Hello & welcome, I am Dr. B, a licensed veterinarian and I would like to help you with your wee one today.
If Marshmallow has had diarrhea since you took her, then we do have to consider a chronic issue afoot. And while GI worms are a common issue for young kittens, they are by far not the only potential suspect here. Other agents that could give a kitten chronic soft feces or diarrhea include bacteria, viruses (coronavirus, rotavirus, panleukopenia, etc), parasites (GI worms but also the protozoa like coccidia, giardia and also cryptosporidia, tritrichomonas), nutritional sensitivities, stress, and toxins (this last one less likely in this situation).
Now I am very glad to see that you have properly wormed her even though there was a possible history of worming. This way you know it was done and can rule out GI worms at this stage. From here, the next step is to rule out dietary sensitivities and try to offset fecal losses (since diarrhea will cause fluid and nutrition losses that can lead to dehydration and stunting). In regards XXXXX XXXXX you can consider a trial on a light/easily digestible diet. Examples of this would be boiled chicken, boiled white fish, scrambled eggs (made with water and not milk), meat baby food (do avoid the ones with garlic powder in the ingredients) or there are also veterinary prescription diets that can be used in cases like Hill’s I/D (LINK) or Royal Canin Sensitivity Control (LINK). The easily digestible diets tends to be better tolerated and absorbed by the compromised gut. And even if a infectious agent is wrecking havoc on her GI, then we want to be making her ability to gain nutrients as easy as possible for the gut. Furthermore, if we can aid the gut in taking up more of the nutrients she is ingesting, we will also see less diarrhea as a side effect. So, consider offering these for the next week or so, and do so in small frequent meals, as this will again lessen GI strain and reduce diarrhea.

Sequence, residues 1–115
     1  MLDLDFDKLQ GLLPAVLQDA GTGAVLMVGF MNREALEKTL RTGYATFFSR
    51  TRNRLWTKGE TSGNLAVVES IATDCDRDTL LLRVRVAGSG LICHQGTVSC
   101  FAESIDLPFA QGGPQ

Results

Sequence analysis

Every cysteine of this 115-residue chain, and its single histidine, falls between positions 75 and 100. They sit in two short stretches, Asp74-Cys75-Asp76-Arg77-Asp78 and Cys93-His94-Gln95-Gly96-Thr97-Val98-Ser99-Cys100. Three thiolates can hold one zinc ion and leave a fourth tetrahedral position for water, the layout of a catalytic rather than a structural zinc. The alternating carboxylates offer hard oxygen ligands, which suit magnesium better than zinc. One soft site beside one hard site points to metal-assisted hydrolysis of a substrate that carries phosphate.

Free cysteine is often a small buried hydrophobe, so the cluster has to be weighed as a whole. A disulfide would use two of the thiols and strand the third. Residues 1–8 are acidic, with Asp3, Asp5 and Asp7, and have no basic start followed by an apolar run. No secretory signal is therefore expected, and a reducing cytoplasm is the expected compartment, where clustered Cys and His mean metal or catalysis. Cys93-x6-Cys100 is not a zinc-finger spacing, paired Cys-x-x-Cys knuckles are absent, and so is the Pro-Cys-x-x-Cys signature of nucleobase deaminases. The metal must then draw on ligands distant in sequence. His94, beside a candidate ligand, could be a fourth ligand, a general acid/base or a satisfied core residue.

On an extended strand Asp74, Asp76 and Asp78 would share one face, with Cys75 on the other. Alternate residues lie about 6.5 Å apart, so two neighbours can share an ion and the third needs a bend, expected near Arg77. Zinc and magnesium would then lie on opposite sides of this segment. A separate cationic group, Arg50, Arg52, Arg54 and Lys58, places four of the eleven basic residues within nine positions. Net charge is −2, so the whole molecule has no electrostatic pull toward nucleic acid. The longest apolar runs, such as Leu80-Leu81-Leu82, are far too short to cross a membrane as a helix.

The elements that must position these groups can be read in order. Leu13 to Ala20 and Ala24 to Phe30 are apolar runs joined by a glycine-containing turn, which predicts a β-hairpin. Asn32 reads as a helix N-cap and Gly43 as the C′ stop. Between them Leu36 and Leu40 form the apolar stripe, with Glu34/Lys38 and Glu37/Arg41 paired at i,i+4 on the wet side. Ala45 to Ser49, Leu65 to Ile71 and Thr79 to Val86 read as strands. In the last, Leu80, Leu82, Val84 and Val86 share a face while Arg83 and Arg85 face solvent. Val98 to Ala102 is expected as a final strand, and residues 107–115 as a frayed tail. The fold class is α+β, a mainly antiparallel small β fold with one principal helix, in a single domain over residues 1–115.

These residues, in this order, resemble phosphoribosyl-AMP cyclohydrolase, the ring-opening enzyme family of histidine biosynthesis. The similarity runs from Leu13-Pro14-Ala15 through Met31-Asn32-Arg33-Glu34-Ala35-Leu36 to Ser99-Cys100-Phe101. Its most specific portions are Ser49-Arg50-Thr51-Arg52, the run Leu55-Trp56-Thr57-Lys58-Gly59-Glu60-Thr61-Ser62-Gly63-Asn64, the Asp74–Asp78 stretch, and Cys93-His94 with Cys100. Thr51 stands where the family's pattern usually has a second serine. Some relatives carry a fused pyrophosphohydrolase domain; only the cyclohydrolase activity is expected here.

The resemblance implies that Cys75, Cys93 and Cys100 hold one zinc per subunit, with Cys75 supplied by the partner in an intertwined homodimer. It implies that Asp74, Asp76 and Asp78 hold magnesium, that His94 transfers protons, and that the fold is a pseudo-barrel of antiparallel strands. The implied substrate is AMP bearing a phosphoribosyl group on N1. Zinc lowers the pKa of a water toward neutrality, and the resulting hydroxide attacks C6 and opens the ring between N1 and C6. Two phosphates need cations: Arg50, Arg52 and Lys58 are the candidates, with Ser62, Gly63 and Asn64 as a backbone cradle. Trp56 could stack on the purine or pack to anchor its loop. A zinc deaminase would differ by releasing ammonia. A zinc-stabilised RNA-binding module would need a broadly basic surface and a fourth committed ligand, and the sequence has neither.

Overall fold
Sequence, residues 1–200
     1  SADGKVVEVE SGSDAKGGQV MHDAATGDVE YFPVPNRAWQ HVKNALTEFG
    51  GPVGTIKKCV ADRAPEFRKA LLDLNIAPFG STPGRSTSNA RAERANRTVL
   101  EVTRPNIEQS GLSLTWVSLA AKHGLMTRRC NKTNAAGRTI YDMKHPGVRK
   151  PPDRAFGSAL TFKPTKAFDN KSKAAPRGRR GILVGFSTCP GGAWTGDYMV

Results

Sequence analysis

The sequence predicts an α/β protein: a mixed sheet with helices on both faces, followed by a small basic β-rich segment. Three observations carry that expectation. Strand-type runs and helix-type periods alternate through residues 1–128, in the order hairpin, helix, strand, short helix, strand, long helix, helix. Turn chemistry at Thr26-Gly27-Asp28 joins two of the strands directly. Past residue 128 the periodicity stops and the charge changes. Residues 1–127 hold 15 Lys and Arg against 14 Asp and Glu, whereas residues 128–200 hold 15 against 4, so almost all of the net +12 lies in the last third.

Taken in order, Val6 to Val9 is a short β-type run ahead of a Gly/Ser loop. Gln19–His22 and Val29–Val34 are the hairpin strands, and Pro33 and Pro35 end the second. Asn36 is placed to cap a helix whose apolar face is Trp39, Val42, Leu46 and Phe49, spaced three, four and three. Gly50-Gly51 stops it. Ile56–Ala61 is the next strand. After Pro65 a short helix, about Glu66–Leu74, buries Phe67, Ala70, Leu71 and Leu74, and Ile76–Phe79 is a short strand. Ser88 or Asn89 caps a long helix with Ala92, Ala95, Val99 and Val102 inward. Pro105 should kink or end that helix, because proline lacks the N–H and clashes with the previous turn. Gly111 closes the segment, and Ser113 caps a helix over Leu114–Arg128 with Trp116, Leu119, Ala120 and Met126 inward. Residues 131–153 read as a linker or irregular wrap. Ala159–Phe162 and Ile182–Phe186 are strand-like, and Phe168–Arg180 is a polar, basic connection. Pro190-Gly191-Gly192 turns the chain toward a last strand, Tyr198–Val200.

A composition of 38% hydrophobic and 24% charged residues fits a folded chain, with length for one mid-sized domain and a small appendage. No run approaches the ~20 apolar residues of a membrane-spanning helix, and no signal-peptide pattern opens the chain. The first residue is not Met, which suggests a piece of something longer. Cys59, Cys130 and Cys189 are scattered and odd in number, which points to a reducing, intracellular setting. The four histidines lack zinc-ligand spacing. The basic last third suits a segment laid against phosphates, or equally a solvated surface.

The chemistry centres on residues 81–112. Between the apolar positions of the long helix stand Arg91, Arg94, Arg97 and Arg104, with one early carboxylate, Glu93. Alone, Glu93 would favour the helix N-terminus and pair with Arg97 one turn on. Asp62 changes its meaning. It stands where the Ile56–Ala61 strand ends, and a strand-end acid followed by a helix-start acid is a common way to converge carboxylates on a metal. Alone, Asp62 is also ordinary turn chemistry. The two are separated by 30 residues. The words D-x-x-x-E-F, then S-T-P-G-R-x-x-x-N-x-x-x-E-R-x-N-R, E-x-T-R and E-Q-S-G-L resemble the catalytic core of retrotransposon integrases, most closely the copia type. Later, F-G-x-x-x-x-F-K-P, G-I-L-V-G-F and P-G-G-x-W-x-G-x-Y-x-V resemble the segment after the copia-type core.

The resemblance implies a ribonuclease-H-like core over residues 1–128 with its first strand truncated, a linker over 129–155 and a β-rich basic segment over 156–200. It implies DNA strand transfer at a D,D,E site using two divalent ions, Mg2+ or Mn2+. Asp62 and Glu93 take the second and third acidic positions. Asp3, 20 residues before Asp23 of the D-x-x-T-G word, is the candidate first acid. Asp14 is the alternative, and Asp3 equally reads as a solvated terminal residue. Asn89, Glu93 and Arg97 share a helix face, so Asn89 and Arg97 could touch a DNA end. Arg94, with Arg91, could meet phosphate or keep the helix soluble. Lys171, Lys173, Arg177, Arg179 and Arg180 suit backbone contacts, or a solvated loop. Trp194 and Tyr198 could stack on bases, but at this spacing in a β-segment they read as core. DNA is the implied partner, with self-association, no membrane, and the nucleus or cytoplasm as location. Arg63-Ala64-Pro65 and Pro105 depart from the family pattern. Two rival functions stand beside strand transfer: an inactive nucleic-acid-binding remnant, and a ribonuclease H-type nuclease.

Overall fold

Further to this, I would note that you could consider supporting her compromised GI microflora (the good bacteria) with a pre/probiotic treatment. These can be very helpful in chronic diarrhea cases where the gut bacterial load is in severe imbalance. There are a number of options on the market but the one I tend to use for patients is Purina Fortiflora. Alternatively, you could consider Protexin Prokolin. This product is available OTC at the vets and contains a pre/probiotic and a small volume of a feline safe antidiarrheal agent to slow her runny feces. Now in mentioning anti-diarrheal agents, I do want to warn you to be cautious with these. I would not advise using any other product safe for the one I noted (which is very mild). The reason is because some of the bacteria (with endotoxins) and viruses that we have to suspect could actually cause her more harm if they were allowed to remain in the GI longer then they may be at the moment (where the body uses diarrhea to flush them out). So, until we knew exactly agent is presnt, we'd not want to give any other stronger anti-diarrheals (not to mention some human ones are not safe for kitties).
If worming, a bland diet, and GI microflora support don't settle her diarrhea down, then we's need to consider involving the vet to rule out those other causes for this chronic diarrhea presentation. And if you do have to go down that route, then a fresh fecal sample can be key to helping you determine the underlying cause for her diarrhea. Ideally, we'd want to have the sample sent to the lab for examination and culture. The lab will be able to rule out parasites, protozoa, test for viruses and culture the feces for pathogenic bacteria. This enables us to isolate the causative agent and use targeted treatment to clear it for her. So, this would be the next step if benign causes like worms and diet sensitivities are ruled out for Marshmallow.
Overall, in Marshmallow's case, it sounds like we have a chronic agent that has been causing diarrhea for a wee while. Therefore, we want to take a step by step approach to determine the cause and address it. You have already taken a good first step but if she hasn't responded then we do have to look past the worms. Therefore, do try her on an easily digestible diet and if she doesn't settle within a few days, then consider having your vet examine her at that stage and have them send off a fecal sample. This will allow you to pinpoint the cause of the diarrhea, and the vet will be able to cover her with the appropriate treatment to settle her diarrhea once and for all.
I hope this information is helpful.
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All the best,
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